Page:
We hear many rumors of war [1848 in Dutch is known as Revolution Year] and that many young people are in military service. Some Dutch people still arrive here but many Americans and the settlements here grow. In 1844 there were no people here but wild ones [Native Americans] but now there is much population. We now live among Americans and like that better than among the Dutch; our children already speak many words with them. People enjoy good health here. The Americans first held religious services with the afgescheidene [seceded]; then amongst themselves first in one house and then in another, and all who like may go. The Americans build many block houses and they are very good; the Dutch build their houses from planks and they are also very good. There are brick makers here and the bricks cost 1 guildre per 100. The fields are protected by fences and that works very well. We see a lot of wild animals here; wolves are no problem, but snakes are dangerous. We hear of rattlesnakes whose bite usually means death. A Dutch lady was bitten by one, but she was healed. In my travels in America I did not see land as good as here because there are many mountains and valleys but also much flat land. Here everything is black clay but throughout America there is much red soil.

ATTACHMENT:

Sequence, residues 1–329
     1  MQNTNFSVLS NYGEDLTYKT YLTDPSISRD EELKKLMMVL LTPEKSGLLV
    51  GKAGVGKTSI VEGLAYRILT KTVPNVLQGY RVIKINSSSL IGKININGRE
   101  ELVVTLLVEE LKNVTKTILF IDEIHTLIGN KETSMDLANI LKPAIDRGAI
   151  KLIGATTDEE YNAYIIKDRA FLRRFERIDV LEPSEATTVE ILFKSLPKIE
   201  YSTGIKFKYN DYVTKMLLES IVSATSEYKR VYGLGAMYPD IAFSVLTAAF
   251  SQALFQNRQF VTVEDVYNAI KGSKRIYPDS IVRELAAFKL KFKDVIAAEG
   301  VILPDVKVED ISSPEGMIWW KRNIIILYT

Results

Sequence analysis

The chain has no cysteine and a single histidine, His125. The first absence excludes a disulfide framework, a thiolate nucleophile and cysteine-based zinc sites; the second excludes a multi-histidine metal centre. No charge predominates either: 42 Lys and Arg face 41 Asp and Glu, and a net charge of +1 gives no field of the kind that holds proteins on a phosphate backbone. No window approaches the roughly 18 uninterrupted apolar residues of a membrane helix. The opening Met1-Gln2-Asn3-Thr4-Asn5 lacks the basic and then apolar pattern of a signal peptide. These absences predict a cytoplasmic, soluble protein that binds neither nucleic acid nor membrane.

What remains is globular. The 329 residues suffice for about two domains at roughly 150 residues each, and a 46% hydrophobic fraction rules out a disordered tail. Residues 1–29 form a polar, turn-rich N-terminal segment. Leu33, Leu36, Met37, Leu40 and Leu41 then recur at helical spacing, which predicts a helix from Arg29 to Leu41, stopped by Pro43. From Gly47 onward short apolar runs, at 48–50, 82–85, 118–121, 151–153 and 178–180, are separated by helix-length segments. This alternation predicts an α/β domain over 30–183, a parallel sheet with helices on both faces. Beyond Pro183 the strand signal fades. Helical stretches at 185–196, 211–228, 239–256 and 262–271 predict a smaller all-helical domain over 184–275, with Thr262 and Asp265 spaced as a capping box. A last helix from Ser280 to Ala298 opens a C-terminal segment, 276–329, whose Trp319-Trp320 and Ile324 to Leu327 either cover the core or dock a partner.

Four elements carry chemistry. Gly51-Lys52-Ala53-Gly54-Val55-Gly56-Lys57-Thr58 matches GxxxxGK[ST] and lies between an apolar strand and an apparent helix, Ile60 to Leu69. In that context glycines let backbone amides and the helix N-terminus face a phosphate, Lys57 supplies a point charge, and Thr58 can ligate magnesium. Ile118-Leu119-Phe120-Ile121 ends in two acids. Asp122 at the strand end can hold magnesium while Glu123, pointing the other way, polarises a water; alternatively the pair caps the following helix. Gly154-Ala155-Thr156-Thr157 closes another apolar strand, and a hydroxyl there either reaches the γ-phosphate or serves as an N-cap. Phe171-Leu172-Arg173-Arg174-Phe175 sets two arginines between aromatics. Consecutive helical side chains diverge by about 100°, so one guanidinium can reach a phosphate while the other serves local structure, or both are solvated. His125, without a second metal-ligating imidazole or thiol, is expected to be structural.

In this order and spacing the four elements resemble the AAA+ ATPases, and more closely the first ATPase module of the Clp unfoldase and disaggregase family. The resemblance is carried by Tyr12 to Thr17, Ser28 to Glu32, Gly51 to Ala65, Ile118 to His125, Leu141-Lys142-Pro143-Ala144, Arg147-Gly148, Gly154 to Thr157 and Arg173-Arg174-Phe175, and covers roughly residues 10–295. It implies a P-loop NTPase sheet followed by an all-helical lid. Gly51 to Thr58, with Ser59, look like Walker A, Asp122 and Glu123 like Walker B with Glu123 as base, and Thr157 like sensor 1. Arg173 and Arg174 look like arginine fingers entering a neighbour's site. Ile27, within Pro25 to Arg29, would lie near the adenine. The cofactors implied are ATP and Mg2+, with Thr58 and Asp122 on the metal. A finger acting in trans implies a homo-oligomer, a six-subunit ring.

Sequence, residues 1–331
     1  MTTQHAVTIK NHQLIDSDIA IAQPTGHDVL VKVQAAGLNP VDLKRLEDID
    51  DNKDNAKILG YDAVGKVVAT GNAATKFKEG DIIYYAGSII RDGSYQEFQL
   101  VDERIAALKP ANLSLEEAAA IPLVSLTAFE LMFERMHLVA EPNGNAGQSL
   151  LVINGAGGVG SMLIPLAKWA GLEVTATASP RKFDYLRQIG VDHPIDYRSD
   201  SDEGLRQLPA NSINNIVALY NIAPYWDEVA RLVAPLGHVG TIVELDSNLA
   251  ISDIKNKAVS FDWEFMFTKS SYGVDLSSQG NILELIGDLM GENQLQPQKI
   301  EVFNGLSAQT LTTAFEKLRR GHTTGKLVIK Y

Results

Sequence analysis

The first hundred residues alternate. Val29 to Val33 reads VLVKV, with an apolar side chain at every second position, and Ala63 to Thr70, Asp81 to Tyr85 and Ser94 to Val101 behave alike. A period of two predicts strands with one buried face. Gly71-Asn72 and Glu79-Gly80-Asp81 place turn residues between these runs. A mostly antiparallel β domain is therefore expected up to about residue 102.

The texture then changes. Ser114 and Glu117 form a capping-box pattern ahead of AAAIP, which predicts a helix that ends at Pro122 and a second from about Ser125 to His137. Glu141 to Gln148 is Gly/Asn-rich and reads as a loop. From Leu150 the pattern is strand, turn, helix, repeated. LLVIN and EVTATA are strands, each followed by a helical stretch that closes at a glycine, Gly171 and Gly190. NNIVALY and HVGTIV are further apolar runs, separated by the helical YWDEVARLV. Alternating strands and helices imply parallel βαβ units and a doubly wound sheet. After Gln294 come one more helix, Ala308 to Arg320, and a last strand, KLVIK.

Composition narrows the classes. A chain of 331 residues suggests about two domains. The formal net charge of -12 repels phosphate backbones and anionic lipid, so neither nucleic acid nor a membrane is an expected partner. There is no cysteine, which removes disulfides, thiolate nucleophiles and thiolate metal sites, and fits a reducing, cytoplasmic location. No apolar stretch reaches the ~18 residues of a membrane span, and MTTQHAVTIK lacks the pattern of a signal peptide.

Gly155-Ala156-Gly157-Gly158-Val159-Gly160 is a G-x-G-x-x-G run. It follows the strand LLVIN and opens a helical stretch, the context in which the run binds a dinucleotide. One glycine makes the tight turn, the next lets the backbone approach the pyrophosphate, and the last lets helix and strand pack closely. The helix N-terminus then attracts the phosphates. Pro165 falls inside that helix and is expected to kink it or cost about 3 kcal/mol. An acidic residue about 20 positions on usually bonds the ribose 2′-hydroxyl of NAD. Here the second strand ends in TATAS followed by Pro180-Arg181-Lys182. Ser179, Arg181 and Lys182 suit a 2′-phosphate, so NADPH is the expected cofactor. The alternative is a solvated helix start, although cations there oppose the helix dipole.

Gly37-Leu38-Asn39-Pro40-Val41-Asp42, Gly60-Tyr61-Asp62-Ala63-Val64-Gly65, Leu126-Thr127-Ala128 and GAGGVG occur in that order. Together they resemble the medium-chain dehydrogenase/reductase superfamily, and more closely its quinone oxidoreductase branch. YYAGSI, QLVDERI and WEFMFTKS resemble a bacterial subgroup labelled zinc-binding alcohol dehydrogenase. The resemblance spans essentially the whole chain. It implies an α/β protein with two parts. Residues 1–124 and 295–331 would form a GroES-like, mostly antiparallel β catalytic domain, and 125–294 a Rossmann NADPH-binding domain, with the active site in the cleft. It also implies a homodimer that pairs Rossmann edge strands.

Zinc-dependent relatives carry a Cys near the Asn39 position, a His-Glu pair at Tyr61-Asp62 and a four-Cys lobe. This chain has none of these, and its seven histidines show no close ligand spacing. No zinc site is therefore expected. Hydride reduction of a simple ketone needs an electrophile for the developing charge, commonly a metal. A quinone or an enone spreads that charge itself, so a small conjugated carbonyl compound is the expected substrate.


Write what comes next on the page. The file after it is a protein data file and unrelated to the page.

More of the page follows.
We received your letter of November 28, 1848, and yes, it’s sad to hear the news that our mother in Lichtaard died. O, that our Lord receives her soul in heaven is our wish. [Maaike Pieters Wiersma died on August 21, 1848 at the age of 76]. Tjitske [Pieter’s first wife] had already expected that from the first letter.